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Emergency caesarean

3-minute read

Even if you plan a vaginal birth, sometimes things don’t go as expected and you may need a caesarean. It may be the safest option if you or your baby is at risk. An emergency caesarean may need to be done very quickly, and there may not be time for you to consider all the options.

About 2 in every 5 caesareans are unplanned. These are known as emergency caesareans.

An emergency caesarean may be necessary if:

  • you are carrying more than one baby and complications occur
  • labour is not progressing normally — for example, if the cervix does not dilate normally or you have a prolapsed umbilical cord
  • you have a medical emergency, such as severe bleeding or severe pre-eclampsia
  • the baby’s health is in danger — for example, if the monitor detects an abnormal heart rate
  • the baby is too large and can’t fit through the mother’s pelvis

How quickly will the caesarean be performed?

Your doctor has guidelines to identify how quickly your emergency caesarean should be done. It will depend on the reasons for the operation.

If several women need caesareans at the same time, they will be prioritised according to the level of risk. Usually, the mother and/or baby most at risk goes first. This means you may have to wait a while, even if you have been told it is an emergency.

There are four categories that describe the urgency for caesarean section:

  • Category 1 — immediate threat to the life of the mother or baby.
  • Category 2 — there are problems affecting the health of the mother and/or baby but they are not immediately life threatening.
  • Category 3 — the baby needs to be born early but there is no immediate risk to mother or baby.
  • Category 4 — the operation will take place at a time that suits the woman and the caesarean section team.

Most emergency caesareans are Category 2 and mostly are done about an hour after the decision is made. Life threatening Category 1 caesareans aim to be done within 30 minutes.

What is the difference between an emergency and a planned caesarean?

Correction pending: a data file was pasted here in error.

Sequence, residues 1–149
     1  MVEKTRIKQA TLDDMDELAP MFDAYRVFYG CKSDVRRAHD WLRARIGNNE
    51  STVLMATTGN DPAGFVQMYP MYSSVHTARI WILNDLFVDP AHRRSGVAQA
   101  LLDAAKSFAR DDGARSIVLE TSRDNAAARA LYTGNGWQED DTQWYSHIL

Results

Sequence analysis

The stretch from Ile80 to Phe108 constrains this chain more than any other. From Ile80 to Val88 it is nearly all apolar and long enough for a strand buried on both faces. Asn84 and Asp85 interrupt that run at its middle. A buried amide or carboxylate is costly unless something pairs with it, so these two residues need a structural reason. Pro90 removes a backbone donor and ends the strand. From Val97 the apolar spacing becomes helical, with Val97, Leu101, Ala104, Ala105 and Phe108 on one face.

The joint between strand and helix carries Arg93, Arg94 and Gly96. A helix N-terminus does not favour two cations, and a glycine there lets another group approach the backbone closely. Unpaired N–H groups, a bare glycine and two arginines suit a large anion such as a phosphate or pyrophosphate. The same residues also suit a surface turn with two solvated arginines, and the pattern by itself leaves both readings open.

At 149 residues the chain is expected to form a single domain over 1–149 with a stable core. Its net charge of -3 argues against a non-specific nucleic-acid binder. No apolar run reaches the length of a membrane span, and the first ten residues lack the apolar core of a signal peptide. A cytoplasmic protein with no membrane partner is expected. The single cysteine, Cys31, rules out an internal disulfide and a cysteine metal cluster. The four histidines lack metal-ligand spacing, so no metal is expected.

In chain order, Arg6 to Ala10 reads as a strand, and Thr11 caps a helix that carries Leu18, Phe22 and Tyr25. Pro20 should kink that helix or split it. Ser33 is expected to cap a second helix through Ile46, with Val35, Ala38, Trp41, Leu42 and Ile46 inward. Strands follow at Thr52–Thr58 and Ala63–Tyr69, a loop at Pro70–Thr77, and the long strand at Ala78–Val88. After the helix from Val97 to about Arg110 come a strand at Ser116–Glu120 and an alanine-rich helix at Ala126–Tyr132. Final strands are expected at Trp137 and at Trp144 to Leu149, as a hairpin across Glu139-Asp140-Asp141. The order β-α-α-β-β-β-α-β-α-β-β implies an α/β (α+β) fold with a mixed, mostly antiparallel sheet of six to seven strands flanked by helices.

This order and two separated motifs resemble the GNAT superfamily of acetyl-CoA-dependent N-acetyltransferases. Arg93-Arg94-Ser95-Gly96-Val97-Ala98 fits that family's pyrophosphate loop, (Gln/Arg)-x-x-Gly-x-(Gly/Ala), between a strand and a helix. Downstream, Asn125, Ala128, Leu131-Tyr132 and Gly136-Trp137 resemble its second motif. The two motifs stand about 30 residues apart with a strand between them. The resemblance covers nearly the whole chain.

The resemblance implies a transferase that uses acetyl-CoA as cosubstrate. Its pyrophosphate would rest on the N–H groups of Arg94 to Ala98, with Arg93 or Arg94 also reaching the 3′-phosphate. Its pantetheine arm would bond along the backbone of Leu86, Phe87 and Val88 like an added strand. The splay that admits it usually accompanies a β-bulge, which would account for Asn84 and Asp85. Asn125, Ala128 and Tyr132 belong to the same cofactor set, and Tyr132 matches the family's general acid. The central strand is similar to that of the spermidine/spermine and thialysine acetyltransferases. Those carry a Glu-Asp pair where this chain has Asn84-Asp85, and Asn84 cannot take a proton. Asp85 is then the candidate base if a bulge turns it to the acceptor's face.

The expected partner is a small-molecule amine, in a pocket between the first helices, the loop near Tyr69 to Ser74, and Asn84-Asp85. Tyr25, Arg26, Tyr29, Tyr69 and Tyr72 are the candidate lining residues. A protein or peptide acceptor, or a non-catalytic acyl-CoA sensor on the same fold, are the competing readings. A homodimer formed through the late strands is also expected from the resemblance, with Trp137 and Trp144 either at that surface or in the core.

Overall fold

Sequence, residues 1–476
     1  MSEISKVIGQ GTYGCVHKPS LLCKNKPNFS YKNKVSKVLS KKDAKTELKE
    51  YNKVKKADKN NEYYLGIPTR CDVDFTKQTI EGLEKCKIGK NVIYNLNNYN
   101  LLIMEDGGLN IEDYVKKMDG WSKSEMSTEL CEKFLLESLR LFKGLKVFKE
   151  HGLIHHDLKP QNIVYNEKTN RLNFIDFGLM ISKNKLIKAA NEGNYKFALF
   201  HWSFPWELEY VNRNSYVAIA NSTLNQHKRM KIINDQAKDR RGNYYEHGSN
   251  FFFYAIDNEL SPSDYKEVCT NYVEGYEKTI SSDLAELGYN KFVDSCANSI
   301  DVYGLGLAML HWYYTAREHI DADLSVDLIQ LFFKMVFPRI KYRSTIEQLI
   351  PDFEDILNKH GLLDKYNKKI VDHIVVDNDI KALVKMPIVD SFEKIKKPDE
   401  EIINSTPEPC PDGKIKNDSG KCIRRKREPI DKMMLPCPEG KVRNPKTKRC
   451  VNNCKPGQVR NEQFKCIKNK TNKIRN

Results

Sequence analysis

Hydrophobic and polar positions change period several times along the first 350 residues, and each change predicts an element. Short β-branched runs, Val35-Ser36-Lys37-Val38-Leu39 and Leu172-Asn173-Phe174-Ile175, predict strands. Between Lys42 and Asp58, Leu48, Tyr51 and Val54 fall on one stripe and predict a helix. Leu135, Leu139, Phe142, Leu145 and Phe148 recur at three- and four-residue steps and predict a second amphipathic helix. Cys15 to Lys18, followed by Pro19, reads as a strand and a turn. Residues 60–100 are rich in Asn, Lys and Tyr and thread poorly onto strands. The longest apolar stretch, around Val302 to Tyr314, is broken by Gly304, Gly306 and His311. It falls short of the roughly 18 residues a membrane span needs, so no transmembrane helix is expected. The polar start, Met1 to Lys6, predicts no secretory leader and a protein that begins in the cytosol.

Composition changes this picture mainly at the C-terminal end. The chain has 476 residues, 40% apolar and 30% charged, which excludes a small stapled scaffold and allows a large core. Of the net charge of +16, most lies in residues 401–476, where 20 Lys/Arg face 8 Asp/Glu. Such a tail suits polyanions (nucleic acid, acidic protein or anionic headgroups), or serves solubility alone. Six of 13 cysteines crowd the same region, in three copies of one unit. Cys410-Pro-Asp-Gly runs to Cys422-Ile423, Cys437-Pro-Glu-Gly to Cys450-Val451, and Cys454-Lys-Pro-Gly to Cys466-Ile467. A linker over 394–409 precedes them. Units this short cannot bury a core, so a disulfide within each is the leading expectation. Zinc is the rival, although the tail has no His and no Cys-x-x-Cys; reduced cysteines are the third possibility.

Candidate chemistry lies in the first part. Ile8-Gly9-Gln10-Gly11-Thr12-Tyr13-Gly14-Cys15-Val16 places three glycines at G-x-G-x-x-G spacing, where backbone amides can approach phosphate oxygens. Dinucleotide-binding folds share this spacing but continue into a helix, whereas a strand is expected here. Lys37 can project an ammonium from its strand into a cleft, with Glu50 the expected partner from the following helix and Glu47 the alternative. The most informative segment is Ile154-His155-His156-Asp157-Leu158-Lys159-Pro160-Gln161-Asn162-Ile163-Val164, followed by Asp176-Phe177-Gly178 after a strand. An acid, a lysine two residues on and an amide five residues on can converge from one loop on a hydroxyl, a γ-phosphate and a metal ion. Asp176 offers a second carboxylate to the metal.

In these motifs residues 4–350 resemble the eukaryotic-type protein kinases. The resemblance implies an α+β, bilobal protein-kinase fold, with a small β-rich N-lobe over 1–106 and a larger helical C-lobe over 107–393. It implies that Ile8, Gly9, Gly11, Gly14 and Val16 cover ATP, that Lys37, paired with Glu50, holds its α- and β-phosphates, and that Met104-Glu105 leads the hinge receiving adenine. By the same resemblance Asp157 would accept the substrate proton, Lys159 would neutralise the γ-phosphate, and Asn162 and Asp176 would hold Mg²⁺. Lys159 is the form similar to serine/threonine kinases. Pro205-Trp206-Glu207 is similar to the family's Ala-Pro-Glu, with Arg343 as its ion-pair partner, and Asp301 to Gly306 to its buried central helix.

In an emergency, there might not be time to give you an epidural or spinal block. You may need a general anaesthetic, although this is rare. When you wake up you may feel dizzy, nauseous, and you may have a sore throat.

Your baby may need to spend some time in neonatal intensive care.

Your emotions after an emergency caesarean

Many women are happy after an emergency caesarean and relieved that the baby is healthy. But some women may feel upset and disappointed that the birth didn’t go to plan. How you feel often depends on your expectations before the birth.

You can be helped to recover emotionally by going over the reasons why the emergency caesarean was necessary. Discuss this with the midwives, doctor or obstetrician before you leave hospital, or arrange to meet them afterwards to talk about why you needed the caesarean and what this means for any future pregnancies.

If the birth was very traumatic, it is possible to develop post-traumatic stress disorder (PTSD). Symptoms of PTSD include:

  • intrusive memories or flashbacks, which make you feel anxious and panicked
  • avoiding anything that reminds you of the birth, like television programs or conversations about childbirth
  • sleep problems, angry outbursts and difficulty concentrating

If you have any of these symptoms, or if you feel like hurting the baby or yourself, contact:

  • Pregnancy, Birth and Baby on 1800 882 436 to speak to a maternal child health nurse
  • Lifeline on 13 11 14
  • beyondblue on 1300 22 4636
  • PANDA on 1300 726 306

Learn more here about the development and quality assurance of healthdirect content.

Last reviewed: September 2019

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